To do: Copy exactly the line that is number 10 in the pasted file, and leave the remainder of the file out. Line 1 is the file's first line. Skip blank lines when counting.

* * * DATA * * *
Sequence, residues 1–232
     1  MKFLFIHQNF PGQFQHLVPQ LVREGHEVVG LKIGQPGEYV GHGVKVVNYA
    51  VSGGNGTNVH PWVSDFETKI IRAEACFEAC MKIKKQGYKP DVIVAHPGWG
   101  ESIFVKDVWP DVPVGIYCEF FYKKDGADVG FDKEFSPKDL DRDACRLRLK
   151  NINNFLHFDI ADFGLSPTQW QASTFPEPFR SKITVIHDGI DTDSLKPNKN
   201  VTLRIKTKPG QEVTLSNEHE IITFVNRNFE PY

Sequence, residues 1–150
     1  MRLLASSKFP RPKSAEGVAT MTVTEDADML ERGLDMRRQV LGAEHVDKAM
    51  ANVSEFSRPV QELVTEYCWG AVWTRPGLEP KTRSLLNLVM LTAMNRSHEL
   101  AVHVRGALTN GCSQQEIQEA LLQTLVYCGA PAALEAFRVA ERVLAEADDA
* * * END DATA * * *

   101  AVHVRGALTN GCSQQEIQEA LLQTLVYCGA PAALEAFRVA ERVLAEADDA